Liberal professor and commentator Marc Lamont Hill had some biting criticism for Democrats on Friday as former Vice President Joe Biden faced backlash for suggesting black voters weren't authentically black if they supported President Trump.
"Joe Biden’s comments demonstrate how Democrats take Black votes for granted," tweeted Hill, who hosts BET News. "It’s sad how often Democratic candidates become indignant when asked about an actual Black agenda. His response, whatever his intention, was reflective of a broader and deeper problem."
He also called Biden out for previous comments he made about Republicans trying to put black people "back in chains." For Hill, Biden's "smug and condescending" interview that day had broader implications for the way black people related to Democrats.
"This Joe Biden interview is precisely why we gotta stop giving White people 'invitations to the cookout' or fictive kinship status like 'uncle.' We can no longer applaud and reward liberal white people for showing basic decency or, worse, merely hiding their racism."
Hill's comments represented just some of the many attacks on Biden's remarks. “I tell you if you have a problem figuring out whether you’re for me or Trump, then you ain’t black,” Biden said during an epsiode of "The Breakfast Club" on Friday.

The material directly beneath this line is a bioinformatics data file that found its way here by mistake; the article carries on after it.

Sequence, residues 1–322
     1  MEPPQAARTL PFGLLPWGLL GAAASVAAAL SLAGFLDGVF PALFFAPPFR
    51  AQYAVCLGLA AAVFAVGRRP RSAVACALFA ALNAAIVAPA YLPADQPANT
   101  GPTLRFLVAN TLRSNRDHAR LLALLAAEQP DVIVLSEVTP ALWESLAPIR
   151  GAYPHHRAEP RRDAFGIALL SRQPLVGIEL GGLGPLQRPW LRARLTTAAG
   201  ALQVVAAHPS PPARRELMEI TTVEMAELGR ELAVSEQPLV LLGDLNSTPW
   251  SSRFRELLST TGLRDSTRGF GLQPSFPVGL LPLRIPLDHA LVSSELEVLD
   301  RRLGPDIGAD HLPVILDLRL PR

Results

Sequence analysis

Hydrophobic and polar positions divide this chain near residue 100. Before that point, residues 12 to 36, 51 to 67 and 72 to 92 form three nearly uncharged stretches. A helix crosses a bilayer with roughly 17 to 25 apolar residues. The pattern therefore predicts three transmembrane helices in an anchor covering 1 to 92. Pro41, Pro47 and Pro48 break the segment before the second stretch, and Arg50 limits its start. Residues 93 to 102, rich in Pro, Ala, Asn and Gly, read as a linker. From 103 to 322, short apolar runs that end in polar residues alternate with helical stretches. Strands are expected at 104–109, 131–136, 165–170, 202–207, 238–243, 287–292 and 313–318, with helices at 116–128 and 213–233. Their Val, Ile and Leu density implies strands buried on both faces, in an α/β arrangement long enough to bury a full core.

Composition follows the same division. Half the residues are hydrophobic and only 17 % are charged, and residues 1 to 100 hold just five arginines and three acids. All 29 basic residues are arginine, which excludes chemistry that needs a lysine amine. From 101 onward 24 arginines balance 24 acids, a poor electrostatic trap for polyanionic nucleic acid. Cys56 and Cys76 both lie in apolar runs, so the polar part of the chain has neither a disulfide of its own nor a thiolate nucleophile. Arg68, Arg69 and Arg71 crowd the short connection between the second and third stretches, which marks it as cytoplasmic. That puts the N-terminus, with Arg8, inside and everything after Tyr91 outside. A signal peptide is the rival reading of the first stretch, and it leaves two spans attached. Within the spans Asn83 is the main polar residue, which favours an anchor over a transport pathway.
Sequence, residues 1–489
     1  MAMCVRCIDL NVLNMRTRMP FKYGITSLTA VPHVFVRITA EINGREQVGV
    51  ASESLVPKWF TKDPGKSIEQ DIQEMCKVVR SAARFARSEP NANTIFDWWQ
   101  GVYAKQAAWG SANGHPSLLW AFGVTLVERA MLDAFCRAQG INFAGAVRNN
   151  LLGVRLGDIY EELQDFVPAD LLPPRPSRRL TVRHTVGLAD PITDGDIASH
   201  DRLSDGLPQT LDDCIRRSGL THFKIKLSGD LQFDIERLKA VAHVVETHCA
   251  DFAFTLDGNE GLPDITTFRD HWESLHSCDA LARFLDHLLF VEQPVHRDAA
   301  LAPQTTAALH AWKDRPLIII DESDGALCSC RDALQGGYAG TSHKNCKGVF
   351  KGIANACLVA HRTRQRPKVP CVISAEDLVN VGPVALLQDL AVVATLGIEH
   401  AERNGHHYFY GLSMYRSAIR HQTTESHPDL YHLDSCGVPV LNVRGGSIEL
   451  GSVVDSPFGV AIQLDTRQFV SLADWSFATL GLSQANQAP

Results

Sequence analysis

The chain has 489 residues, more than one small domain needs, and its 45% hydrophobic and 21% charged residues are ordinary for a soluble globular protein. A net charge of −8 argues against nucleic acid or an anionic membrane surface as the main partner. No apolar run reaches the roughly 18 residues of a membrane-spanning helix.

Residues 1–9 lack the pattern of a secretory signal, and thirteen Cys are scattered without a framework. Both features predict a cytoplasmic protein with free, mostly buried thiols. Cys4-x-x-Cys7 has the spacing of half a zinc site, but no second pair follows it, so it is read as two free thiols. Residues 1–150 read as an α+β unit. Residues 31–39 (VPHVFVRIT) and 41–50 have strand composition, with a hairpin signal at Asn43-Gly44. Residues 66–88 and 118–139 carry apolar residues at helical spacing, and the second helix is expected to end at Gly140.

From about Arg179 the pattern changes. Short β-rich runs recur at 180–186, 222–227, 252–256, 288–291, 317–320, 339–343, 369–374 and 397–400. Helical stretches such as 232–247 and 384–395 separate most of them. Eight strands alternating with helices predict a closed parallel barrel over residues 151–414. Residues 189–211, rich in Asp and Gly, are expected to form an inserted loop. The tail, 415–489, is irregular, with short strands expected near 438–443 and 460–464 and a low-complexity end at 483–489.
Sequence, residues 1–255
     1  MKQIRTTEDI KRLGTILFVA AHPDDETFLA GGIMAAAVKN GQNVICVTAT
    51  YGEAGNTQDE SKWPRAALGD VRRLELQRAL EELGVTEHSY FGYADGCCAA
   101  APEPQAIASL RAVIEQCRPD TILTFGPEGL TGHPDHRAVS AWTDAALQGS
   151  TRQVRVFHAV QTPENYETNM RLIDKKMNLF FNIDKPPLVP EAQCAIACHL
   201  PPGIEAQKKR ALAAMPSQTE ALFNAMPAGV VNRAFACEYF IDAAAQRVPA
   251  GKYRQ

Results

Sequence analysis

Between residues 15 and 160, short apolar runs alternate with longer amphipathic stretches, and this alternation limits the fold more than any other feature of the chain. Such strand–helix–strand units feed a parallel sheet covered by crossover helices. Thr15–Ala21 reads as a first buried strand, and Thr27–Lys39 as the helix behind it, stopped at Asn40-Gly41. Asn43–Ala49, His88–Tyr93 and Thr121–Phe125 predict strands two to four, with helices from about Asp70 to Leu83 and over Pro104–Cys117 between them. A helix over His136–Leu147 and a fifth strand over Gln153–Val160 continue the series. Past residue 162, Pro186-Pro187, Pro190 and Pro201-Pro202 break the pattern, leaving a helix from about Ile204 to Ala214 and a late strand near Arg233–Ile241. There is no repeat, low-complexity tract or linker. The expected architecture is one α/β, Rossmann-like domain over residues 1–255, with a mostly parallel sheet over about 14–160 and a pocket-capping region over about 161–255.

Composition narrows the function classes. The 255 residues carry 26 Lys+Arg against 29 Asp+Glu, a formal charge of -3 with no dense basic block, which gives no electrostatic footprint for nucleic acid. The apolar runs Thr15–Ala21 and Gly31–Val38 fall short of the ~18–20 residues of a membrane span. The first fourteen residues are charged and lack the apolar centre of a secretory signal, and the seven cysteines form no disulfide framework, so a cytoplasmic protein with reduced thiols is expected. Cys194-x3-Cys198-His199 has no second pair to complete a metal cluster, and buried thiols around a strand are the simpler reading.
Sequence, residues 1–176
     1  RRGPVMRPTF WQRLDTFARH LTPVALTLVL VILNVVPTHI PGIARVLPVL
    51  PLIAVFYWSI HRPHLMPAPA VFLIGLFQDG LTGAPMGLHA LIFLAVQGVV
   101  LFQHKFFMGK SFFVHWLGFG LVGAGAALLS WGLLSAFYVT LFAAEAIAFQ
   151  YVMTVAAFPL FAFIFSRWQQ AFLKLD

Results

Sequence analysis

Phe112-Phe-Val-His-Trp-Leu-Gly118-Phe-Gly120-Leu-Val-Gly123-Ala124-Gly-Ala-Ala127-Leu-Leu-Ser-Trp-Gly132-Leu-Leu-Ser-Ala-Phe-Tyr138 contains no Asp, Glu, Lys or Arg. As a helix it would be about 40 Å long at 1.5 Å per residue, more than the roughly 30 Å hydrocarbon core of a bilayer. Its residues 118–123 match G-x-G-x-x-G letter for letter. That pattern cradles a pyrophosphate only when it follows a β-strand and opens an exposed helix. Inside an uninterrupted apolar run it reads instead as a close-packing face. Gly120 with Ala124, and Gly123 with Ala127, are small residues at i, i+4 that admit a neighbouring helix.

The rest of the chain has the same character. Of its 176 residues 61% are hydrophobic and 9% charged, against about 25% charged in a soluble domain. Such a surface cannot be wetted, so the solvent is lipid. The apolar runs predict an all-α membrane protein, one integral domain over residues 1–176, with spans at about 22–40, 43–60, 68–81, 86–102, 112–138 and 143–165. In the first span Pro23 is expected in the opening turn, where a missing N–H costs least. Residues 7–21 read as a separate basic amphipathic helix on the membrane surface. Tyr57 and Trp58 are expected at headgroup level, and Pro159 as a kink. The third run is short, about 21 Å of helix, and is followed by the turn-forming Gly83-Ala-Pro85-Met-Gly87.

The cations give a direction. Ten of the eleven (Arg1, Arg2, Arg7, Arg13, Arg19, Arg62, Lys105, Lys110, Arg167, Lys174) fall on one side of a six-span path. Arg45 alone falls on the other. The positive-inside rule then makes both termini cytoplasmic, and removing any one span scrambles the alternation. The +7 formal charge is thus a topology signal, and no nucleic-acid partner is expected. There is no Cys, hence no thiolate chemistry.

The former vice president later expressed regret for his comments, saying that he shouldn't have been "so cavalier." He also said that "no one should have to vote for any party, based on their race or religion or background."
Biden's comments created a media firestorm, prompting leading political figures to criticize him.
"He truly believes that he, a 77-year-old white man, should dictate how Black people should behave,” Trump senior adviser Katrina Pierson said in a statement.
But Biden surrogate Symone Sanders defended him. "The comments made at the end of the Breakfast Club interview were in jest, but let’s be clear about what the VP was saying: he was making the distinction that he would put his record with the African American community up against Trump’s any day. Period," she said.
Biden's record on race came under scrutiny earlier in the campaign season when he defended working with segregationist senators. He also notably described then-Sen. Barack Obama as "the first mainstream African-American who is articulate and bright and clean."
Fox News' Paul Steinhauser, Allie Raffa, and Madeleine Rivera contributed to this report.